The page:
3 Essential Tips for Talking To Your Kids About Natural Disasters
As a psychologist, I’ve talked to many mothers and fathers who share a common concern: should parents talk to their children about natural disasters and catastrophic events? Isn’t it too frightening and overwhelming for them to process?
But here’s the thing: while not talking to your child about risks may shield them from worrisome thoughts in the moment, studies show that it actually increases anxiety and leaves them unprepared and vulnerable. And what’s more, if they don’t get their information from you, they’ll eventually get it from somewhere else. And do we really want TV shows and movies standing in for us on this important topic?
It’s increasingly important that these discussions should not be outsourced—in most cases, not even to teachers and schools. Because when disaster strikes, our voices are the ones our children should hear in their heads, providing them with reassurance and guidance.
When talking to your kids about emergency and disaster planning, you have an opportunity to reframe the fear they may be experiencing into confidence. By opening up a dialog, asking questions, and listening, you’re conveying to your children that emergencies and disasters are situations that they have some control in. You are providing assurance that they can help themselves and help others. They are not helpless. They can actively reduce fear.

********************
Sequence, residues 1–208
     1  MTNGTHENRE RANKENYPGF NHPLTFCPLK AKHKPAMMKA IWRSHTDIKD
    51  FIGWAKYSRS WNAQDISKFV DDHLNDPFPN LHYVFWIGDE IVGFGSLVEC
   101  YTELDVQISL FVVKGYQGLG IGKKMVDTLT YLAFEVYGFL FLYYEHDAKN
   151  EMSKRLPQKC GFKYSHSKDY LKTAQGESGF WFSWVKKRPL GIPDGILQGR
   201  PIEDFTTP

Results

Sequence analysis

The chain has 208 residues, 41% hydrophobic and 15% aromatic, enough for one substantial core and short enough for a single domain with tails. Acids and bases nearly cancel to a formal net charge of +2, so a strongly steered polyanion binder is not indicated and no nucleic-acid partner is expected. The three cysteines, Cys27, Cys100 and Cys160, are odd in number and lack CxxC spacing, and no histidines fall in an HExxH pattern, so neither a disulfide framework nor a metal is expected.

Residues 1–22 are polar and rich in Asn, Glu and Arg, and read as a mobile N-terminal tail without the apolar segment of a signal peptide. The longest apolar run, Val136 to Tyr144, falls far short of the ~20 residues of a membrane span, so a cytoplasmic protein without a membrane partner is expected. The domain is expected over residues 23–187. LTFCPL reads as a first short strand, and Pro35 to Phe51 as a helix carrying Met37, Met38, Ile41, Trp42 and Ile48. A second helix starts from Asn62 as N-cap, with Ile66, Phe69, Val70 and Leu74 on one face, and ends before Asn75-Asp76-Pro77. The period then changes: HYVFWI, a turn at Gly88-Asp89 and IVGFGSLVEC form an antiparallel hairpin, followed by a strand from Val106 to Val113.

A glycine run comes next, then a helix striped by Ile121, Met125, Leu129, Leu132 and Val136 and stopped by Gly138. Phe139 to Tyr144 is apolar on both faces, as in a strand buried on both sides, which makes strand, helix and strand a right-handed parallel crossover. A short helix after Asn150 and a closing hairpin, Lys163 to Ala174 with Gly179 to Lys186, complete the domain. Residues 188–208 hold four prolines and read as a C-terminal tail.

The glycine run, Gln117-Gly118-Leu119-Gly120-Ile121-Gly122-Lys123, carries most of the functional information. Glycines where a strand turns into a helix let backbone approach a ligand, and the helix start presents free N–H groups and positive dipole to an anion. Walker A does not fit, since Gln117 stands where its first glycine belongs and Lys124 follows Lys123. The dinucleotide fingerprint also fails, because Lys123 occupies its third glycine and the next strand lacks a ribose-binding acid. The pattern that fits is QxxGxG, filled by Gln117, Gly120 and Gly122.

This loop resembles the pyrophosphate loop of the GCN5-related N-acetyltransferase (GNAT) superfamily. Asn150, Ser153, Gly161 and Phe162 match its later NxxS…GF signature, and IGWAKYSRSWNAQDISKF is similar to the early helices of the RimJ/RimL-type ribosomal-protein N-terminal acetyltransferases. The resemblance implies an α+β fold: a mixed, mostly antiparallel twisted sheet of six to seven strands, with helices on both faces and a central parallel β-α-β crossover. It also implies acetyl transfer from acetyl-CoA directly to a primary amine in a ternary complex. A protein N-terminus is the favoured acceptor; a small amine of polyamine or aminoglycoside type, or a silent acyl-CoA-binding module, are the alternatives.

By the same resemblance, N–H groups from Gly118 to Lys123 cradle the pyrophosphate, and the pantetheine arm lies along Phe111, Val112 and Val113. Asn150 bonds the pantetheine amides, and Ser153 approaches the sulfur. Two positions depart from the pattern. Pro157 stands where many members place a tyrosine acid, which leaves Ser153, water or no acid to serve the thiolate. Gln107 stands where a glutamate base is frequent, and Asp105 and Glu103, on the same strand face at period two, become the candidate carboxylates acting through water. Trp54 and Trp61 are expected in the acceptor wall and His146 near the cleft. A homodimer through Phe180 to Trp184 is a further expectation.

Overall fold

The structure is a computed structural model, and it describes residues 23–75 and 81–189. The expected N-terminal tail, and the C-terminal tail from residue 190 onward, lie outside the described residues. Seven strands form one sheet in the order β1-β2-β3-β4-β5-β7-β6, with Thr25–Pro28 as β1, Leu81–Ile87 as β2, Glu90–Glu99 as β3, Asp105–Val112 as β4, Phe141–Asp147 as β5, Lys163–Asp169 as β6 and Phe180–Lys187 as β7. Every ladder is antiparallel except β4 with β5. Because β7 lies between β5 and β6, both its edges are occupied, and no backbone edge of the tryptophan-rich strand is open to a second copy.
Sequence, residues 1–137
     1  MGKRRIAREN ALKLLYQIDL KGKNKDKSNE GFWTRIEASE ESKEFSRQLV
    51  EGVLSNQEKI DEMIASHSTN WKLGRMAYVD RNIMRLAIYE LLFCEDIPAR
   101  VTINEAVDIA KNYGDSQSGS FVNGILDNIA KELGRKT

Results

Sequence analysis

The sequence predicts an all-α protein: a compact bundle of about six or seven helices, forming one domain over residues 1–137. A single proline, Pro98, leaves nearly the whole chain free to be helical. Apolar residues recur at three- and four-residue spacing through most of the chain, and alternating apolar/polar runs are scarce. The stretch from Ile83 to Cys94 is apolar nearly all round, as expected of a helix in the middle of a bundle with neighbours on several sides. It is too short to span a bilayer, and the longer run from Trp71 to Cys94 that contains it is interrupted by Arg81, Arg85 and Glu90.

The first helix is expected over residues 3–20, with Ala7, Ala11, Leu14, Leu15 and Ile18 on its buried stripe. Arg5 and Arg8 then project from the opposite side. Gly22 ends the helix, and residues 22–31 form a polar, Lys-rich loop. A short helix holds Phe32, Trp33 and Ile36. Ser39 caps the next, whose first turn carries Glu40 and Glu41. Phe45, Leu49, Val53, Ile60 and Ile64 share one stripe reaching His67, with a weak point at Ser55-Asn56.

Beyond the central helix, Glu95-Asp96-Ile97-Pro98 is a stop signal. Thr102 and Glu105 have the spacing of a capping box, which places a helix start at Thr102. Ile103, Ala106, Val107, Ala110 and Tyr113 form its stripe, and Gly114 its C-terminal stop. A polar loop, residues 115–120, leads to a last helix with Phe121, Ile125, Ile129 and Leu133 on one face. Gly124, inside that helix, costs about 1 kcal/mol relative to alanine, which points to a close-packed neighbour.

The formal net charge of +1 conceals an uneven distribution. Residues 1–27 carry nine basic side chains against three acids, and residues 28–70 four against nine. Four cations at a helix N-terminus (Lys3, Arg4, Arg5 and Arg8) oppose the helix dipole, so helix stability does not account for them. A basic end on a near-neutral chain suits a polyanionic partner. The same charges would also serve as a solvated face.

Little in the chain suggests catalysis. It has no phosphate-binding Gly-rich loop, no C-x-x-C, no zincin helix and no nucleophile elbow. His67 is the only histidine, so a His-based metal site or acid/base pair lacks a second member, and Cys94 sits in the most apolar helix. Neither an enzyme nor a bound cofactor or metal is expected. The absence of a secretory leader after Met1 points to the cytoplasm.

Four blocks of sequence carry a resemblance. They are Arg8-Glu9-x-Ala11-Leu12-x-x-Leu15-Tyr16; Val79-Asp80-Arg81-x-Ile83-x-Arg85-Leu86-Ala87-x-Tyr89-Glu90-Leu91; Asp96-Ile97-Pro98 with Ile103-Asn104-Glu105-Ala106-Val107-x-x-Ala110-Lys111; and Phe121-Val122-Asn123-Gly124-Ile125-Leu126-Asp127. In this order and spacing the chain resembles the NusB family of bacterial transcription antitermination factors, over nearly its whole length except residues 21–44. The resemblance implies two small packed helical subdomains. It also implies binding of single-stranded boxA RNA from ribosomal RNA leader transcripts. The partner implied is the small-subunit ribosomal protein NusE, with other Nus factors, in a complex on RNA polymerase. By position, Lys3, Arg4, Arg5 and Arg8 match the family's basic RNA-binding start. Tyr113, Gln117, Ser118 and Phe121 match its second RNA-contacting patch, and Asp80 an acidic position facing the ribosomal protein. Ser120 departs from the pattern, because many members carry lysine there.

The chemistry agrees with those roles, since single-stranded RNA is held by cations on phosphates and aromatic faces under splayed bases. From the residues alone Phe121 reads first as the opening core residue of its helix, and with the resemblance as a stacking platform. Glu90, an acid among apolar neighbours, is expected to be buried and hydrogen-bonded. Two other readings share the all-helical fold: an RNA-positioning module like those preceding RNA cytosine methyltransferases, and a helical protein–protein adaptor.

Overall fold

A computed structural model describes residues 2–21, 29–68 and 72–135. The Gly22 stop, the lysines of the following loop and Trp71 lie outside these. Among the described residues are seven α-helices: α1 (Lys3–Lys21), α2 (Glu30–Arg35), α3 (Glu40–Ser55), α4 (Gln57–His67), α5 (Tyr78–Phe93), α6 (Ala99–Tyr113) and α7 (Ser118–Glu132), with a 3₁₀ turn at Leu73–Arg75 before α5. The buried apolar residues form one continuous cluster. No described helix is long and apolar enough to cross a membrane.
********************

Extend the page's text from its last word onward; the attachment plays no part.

Additionally, sharing factual information about natural disasters allows you to demystify something that may seem frighteningly mysterious. Although natural disasters are generally unpredictable, there are often underlying reasons or moments in time when they are more likely to happen, and educating your child about them can help transform them into something more comprehensible.
Here are three things to keep in mind when you are discussing natural disasters with your child:
Step 1: Keep calm. Be the voice of reason. Whatever you tell them in preparation is what they will recall during an actual event. The more collected positive, and rational you can be, the better.
Step 2: Share your knowledge enthusiastically and often. Encourage your child to ask questions and be direct, factual and candid in your answers. It’s OK to admit when you don’t know something; turn this into an opportunity to find the answer together.
Step 3: Empower your child. Listen to and involve them in preparation. Lead with questions and listen. Encourage creativity, ingenuity, and problem solving. The more involved they are, the safer they will feel.